Twelve years ago my fiancée Tracie coaxed me out of San Francisco and into a three-bedroom house on a suburban street that looked eerily similar to the cover art from Fun with Dick and Jane. For a lesbian couple a move like this amounts to a monumental cultural shift: from a city where LGBT folks are, like Alamo Square's Painted Ladies, a celebrated part of the scenery, to a neighborhood where we stood out like Van Gogh's white iris, begging for interpretation.
The interpretations were many: Are you sisters? Are you friends? Are you roommates? And my particular favorite, barked at us from an octogenarian walking past as we hacked dried-up shrubs out of our front yard: Where's the man? Eventually, either because we are, generally speaking, nice people or because we upped our fixer-upper's curb appeal in a way that made others feel good about their property values, our neighbors decided to like us.
So after a few months, Tracie was no longer self-conscious about kissing me goodbye on the driveway, I no longer worried that the teenagers who congregated next door would vandalize our home, and when we hosted our wedding in our backyard, we invited everyone to drop by for the reception. Utopia, right?
Though we'd befriended our neighbors, homeownership brought with it another kind of vulnerability: opening our doors to the crew of contractors and technicians we enlisted to keep our house from crumbling. Sometimes we hand-picked these folks, hiring friends of friends, but other times we had no choice. When the water heater breaks or the sewer clean-out backs up, the home warranty company doesn't exactly provide a list of lesbian-friendly technicians. They send the guy (and it was always a guy) who's available.
So I've done my fair share of welcoming strangers into my home, not knowing how they will react when, walking down the hallway toward our ailing bathtub drain or cracked shower tiles, they see our kiss-the-bride wedding portrait hanging on the wall. For all my nervousness, though, none of these encounters had broken badly. Some technicians said nothing, others told me stories about their gay siblings, and still others expressed their live-and-let-live attitudes. And then we met Dick.*
In 2005, having hatched one baby and preparing for the arrival of a second, Tracie and I heard the seams of our 1,200-square-foot house ripping, so we moved. The inspection report on the new house included a laundry list of minor repairs, which the selling agent promised to arrange. Enter Dick, the Mormon fix-it-guy. Dick with the brown overalls and barrel chest. Dick with the high-blood-pressure-red face and tendency to pontificate on anything from epoxy to education policy.
In hindsight, the fact that Dick flashed the Mormon card on his first visit should have been a warning -- I mean, isn't discussing religion on the job considered unprofessional? But Tracie, so much more tolerant than I was, had taught me that a general policy of rejecting people because they're religious is no better than a general policy of rejecting people because they're queer.
So after Dick completed the realtor's to-do list, over the next year, as we grew from a family of three to a family of four, I called Dick whenever something needed fixing. After all, he did good work for a reasonable price. As long as our conversations stuck to home repair and not homo-repair, we'd be fine.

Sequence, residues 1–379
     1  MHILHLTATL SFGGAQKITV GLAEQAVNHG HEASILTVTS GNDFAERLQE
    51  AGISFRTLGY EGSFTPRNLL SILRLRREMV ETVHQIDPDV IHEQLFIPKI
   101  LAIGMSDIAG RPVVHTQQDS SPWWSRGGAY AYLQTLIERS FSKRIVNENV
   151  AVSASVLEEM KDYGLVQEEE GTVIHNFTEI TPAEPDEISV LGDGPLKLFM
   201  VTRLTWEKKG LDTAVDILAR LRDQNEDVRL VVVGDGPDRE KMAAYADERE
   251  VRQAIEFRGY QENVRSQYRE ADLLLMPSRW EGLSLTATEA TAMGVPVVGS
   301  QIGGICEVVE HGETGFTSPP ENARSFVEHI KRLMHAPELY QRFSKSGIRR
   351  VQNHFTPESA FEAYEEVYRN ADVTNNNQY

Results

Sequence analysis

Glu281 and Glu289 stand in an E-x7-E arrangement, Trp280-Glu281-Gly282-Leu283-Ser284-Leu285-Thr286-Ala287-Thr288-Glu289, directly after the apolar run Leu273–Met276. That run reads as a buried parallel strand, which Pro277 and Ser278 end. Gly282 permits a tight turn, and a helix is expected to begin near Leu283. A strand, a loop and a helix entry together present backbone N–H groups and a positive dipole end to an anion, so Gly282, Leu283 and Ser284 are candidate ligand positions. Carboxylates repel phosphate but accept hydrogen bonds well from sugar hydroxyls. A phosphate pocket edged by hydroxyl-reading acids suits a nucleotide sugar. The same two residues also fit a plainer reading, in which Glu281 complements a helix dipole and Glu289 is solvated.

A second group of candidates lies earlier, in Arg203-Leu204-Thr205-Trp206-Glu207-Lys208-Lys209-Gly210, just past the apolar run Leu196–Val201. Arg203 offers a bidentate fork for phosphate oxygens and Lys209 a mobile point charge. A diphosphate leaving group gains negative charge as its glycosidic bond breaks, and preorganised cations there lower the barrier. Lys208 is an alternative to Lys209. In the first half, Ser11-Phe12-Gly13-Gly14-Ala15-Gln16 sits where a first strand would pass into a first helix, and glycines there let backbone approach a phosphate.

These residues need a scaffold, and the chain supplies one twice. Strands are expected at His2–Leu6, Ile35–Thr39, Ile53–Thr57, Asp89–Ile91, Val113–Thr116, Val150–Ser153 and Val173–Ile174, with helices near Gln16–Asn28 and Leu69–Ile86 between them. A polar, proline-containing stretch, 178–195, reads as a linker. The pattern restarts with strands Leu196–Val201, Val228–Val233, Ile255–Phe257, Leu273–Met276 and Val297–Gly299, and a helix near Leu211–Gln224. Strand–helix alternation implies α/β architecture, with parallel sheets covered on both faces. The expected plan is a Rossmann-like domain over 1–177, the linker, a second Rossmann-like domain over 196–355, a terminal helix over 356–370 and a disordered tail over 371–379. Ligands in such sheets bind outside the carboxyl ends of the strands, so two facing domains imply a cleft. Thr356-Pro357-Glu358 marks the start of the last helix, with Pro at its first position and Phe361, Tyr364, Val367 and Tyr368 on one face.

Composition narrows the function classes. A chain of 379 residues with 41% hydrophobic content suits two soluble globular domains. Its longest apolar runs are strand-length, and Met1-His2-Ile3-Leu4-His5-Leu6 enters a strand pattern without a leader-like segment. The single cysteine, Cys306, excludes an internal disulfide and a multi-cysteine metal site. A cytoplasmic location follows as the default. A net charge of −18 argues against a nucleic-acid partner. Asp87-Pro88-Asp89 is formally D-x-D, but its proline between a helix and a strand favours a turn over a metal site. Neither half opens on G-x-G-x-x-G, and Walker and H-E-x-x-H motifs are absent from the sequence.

Besides, maybe introducing Dick to the inner workings of my rainbow family would open his mind to the community in general? I know, I know: painfully naïve, overly-optimistic, terminally hopeful. But aren't these the qualities that fuel many relentless agents of change?
Anyway, back to Dick. He balanced our ceiling fan, repaired our kitchen faucet, installed a water filter, and replaced the trim around our roofline.
And then he criticized my parenting.
While Dick and I were in the backyard, discussing a termite problem in our barn, my 2-year-old son tripped over a piece of wood, skidding onto his bare knees on a gravel path. Instantly, his face morphed into a replica of Munch's Scream, signaling the onset of the siren cry.
"Oh, sweetie!" I said, scooping him up to assess the damage. As I nestled my sobbing toddler onto my lap, examining the pebbles embedded in his raw skin, the blood seeping around them, Dick stood over me, making that "tsk, tsk, tsk" noise no one makes any more.
Assuming this was a sound of empathy (again, terminally hopeful), I looked up at Dick, who said (I kid you not), "If you keep babying him like that, he'll never grow up to be a strong man." Really? What was this? A 1950s PSA?
"I couldn't disagree more," I said and carried kiddo into the house for medical attention.
Standing at the kitchen sink, rinsing my son's knees, what tempered my incredulous rage? Tolerance. "Dick's a product of the 'Buck up, son!' generation," I told myself. "It's not his fault he's woefully misguided. Didn't he just offer to seal the seams on the leaking skylight for free? Why would I fire him?"
By the time Dick had written an estimate for termite eradication, my toddler had recovered from his trauma, and my newborn had woken from his nap. With one darling in my arms and another figure-eighting a Matchbox car between my feet, I stood at the front door, plumbing the depths of my politeness to offer Dick a pleasant farewell.
That's when he did it. Dick reached down to tussle my 2-year-old's hair, then stood up to full height, puffed his chest up like the Pillsbury Doughboy, and sighed, "A boy really needs to have a father in his life."
Oh, the mama-rage. "My children," I said through clenched teeth, "have two loving parents and a slew of positive male role models. They're wanting for nothing."
With that, I fired Dick, not because he was Mormon but because he was unprofessional and disrespectful, and because, at some point, even the terminally hopeful must accept that you just can't change a Dick.
*Not his real name.